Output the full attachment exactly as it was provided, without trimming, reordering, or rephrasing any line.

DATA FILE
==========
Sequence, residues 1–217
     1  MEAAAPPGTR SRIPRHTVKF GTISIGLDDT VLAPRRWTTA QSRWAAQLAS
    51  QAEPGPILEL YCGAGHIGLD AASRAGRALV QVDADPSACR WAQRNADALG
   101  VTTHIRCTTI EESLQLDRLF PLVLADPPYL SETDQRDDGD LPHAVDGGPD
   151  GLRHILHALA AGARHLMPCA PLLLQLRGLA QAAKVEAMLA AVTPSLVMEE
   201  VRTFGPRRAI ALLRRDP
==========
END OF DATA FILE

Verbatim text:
Sequence, residues 1–217
     1  MEAAAPPGTR SRIPRHTVKF GTISIGLDDT VLAPRRWTTA QSRWAAQLAS
    51  QAEPGPILEL YCGAGHIGLD AASRAGRALV QVDADPSACR WAQRNADALG
   101  VTTHIRCTTI EESLQLDRLF PLVLADPPYL SETDQRDDGD LPHAVDGGPD
   151  GLRHILHALA AGARHLMPCA PLLLQLRGLA QAAKVEAMLA AVTPSLVMEE
   201  VRTFGPRRAI ALLRRDP